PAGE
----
Absorbing species containing p, s, and n electrons
Absorption of ultraviolet and visible radiation in organic
molecules is restricted to certain functional groups
(chromophores) that contain valence electrons of low
excitation energy. The spectrum of a molecule containing these
chromophores is complex. This is because the superposition of
rotational and vibrational transitions on the electronic
transitions gives a combination of overlapping lines. This
appears as a continuous absorption band.
Possible electronic transitions of π, σ, and n electrons are;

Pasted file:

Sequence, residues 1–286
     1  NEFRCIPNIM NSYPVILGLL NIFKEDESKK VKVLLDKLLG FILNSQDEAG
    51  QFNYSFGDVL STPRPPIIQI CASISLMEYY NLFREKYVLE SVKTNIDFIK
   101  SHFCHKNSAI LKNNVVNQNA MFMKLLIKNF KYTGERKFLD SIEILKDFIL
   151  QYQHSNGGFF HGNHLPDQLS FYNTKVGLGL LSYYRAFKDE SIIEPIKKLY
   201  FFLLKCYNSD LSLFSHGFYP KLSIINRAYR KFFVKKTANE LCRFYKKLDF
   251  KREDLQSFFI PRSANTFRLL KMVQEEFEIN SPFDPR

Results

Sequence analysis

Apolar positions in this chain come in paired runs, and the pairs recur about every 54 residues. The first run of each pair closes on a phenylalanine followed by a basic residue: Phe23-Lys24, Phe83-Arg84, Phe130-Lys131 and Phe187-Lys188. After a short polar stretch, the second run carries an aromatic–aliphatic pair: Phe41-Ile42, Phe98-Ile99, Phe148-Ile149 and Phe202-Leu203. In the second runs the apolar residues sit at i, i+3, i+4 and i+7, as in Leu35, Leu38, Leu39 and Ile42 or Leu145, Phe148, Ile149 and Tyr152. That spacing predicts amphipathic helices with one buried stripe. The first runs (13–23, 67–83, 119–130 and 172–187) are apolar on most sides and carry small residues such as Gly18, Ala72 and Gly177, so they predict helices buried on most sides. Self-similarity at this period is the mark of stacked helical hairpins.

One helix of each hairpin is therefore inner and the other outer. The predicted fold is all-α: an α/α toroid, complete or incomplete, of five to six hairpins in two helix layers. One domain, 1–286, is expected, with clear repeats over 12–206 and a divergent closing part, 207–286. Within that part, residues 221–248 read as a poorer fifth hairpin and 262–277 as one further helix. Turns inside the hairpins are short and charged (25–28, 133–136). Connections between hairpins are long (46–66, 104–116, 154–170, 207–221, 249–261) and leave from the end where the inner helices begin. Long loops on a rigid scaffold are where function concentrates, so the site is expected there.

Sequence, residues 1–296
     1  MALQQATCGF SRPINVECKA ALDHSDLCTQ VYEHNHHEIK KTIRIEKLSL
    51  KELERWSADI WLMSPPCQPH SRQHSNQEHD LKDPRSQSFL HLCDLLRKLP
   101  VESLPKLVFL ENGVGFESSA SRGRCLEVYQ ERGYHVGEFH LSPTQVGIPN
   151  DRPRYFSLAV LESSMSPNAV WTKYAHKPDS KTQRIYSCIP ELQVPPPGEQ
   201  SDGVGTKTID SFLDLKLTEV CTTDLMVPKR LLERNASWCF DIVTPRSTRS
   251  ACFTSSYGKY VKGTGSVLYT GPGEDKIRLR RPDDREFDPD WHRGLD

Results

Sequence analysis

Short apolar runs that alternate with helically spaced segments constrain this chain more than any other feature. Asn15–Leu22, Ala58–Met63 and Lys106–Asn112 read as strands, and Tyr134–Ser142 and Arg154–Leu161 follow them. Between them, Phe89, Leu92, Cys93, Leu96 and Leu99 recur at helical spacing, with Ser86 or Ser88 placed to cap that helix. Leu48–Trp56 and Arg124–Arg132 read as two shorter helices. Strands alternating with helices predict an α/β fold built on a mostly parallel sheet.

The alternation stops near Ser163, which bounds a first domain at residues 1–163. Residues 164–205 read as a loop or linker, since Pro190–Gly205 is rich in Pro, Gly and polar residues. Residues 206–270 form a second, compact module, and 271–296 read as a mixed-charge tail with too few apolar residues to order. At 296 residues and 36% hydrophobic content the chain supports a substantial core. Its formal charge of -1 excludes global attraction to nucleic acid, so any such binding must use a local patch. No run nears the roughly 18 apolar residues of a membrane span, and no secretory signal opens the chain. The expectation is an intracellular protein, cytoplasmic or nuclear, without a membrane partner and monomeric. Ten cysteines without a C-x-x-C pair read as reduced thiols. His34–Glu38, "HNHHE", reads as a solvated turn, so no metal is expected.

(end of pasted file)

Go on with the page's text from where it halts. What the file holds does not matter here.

Molecular spectra are not solely derived from single electronic transitions between
the ground and excited states. Quantised transitions do occur between vibrational
states within each electronic state and between rotational sublevels. As we have
seen, the wavelength of each absorption is dependent on the difference between
the energy levels. Some transitions require less energy and consequently appear at
Considering a simplified model of a diatomic molecule, we might expect that our
spectra would be derived from the three transitions between the ground and first
excited state ( Fig.). In practice, of course, even the simplest diatomic molecules have
many energy levels resulting in complex spectra.
we have only considered the
absorption of energy by electronic
and molecular transitions. When we
make spectral measurements, it is
necessary to consider other optical
processes. This is particularly imp.
for soln. spectrophotometry.
Idealised energy transitions for a diatomic molecule.